Florida Department of Health releases guidelines advising against gender-affirming care for kids
The Florida Department of Health released new guidelines Wednesday recommending doctors in the state avoid providing gender-affirming care to kids.
The guidelines advise doctors against prescribing social transitioning, puberty blockers or gender-affirming surgery to gender nonconforming and transgender kids.
Josh Bell of One Orlando Alliance, a local LGBTQ nonprofit, says although these are just suggestions and not enforceable at this point, they do set a harmful precedent.
“There will be people whether it’s non-affirming parents or non-affirming pediatricians or non-affirming school personnel who will use this to keep our kids from identifying as who they are.”
Bells says this political move that comes just weeks after the passage of the "Parental Rights in Education" or "Don't Say Gay" law is also part of a dangerous anti-LGBTQ trend in Florida. "Don't Say Gay" will make it harder for some kids and teachers to be fully out in K-12 schools.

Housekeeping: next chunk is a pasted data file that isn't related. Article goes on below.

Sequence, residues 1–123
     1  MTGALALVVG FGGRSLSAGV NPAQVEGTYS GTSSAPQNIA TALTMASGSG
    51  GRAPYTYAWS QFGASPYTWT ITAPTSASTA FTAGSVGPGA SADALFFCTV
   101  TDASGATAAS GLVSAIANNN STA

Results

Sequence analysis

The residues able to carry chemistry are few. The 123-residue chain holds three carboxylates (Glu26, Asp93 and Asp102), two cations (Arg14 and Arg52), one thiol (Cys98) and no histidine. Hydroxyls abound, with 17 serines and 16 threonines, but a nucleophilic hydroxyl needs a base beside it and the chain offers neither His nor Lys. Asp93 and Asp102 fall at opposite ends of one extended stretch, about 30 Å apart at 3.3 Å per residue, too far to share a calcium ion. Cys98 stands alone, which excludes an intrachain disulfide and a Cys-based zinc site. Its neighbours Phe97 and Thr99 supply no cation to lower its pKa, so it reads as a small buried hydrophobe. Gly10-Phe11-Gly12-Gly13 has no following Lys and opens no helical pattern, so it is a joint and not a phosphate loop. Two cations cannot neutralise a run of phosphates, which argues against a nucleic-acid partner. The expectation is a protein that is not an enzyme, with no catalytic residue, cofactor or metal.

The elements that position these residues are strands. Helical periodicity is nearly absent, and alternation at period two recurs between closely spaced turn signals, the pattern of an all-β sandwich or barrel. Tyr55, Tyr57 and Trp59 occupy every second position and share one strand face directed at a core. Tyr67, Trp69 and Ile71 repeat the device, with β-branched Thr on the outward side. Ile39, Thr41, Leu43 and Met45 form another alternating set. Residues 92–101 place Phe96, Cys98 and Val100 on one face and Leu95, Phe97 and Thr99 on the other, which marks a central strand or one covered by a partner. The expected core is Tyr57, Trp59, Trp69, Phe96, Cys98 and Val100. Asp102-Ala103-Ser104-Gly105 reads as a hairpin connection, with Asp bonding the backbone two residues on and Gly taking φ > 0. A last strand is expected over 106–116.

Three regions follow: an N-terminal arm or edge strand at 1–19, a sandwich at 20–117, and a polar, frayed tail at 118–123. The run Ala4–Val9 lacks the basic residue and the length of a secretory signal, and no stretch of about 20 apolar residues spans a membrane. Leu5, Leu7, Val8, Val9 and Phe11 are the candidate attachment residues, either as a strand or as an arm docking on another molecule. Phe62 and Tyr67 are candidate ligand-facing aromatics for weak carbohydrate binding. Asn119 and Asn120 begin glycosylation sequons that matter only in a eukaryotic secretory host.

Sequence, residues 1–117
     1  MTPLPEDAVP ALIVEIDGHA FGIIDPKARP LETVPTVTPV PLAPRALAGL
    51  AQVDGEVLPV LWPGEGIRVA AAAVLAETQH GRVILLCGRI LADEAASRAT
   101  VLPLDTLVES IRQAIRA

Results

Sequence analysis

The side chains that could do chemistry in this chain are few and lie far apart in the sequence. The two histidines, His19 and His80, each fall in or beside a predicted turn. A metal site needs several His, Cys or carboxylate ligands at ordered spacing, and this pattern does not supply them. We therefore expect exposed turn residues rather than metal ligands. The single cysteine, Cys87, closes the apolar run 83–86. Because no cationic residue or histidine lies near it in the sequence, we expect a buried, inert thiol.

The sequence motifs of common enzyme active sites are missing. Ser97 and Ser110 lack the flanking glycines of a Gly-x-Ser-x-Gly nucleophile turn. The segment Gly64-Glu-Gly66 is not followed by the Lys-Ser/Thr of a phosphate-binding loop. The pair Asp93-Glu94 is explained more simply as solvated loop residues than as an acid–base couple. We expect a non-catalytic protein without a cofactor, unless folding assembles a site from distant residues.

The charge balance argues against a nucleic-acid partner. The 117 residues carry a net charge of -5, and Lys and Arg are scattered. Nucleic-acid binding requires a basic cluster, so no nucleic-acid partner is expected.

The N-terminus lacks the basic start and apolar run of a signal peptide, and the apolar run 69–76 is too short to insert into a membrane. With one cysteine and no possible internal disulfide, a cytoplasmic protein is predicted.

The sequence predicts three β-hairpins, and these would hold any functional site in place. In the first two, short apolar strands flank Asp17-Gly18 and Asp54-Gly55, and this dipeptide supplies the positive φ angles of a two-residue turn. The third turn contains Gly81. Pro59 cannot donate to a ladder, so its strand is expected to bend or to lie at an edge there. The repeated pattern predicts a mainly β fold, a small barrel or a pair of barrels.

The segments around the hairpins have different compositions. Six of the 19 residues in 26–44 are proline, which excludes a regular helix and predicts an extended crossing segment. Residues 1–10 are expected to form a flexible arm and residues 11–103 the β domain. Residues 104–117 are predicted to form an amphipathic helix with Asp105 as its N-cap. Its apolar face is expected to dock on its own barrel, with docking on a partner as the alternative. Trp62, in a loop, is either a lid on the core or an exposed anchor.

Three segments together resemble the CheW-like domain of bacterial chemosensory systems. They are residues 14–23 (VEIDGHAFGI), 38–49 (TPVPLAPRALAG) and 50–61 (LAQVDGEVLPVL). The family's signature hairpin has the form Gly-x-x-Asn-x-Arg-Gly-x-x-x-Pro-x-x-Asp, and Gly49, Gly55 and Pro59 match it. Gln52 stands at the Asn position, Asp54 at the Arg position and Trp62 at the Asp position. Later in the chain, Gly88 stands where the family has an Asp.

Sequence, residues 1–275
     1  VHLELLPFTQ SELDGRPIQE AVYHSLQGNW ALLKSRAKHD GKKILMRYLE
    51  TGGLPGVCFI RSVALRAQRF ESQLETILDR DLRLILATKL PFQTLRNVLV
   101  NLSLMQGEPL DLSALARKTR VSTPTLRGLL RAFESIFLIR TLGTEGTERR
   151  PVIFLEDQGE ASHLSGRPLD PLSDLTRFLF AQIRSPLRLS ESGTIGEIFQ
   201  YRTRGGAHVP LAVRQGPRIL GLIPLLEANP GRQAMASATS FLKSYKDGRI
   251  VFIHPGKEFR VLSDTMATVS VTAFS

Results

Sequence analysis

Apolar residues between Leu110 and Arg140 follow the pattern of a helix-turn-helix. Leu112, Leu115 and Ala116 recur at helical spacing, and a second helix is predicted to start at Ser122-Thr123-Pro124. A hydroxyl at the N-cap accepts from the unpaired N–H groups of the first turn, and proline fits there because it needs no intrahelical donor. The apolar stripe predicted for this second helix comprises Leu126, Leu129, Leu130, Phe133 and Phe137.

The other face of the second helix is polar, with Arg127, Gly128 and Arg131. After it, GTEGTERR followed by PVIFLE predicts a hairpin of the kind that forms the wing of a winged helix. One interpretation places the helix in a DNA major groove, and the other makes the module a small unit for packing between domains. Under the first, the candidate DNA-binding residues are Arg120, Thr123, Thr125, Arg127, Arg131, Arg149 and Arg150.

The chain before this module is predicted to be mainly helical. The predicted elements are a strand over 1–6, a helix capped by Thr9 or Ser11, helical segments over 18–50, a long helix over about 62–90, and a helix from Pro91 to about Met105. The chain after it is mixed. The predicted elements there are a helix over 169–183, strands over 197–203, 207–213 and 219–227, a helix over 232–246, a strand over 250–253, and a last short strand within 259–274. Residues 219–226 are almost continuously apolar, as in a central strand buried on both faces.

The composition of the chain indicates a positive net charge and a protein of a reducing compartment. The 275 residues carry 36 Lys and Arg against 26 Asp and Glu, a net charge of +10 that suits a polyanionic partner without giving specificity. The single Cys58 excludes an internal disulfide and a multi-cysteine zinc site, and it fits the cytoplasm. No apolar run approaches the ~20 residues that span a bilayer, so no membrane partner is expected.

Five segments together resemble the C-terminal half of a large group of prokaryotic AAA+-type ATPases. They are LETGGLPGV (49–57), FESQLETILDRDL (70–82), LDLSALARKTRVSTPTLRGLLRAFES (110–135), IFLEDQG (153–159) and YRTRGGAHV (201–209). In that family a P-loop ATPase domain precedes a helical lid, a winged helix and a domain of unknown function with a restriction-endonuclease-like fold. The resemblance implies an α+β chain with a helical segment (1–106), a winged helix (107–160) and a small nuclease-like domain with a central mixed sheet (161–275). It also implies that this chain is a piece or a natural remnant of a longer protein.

Nicole Parker who leads TransAction, a wing of Equality Florida puts it this way.
"At the end of the day, trans and non-binary people are human too, you know, we just want to live authentically and live happily as everyone else. And the narrative that's painted out about us is just simply not true. So I just really wish that folks could see the humanity of trans people and especially trans kids who are just trying to live authentically."
The department says kids should receive counseling in place of this treatment, with exceptions made for children who are intersex or who have other differences in sex development.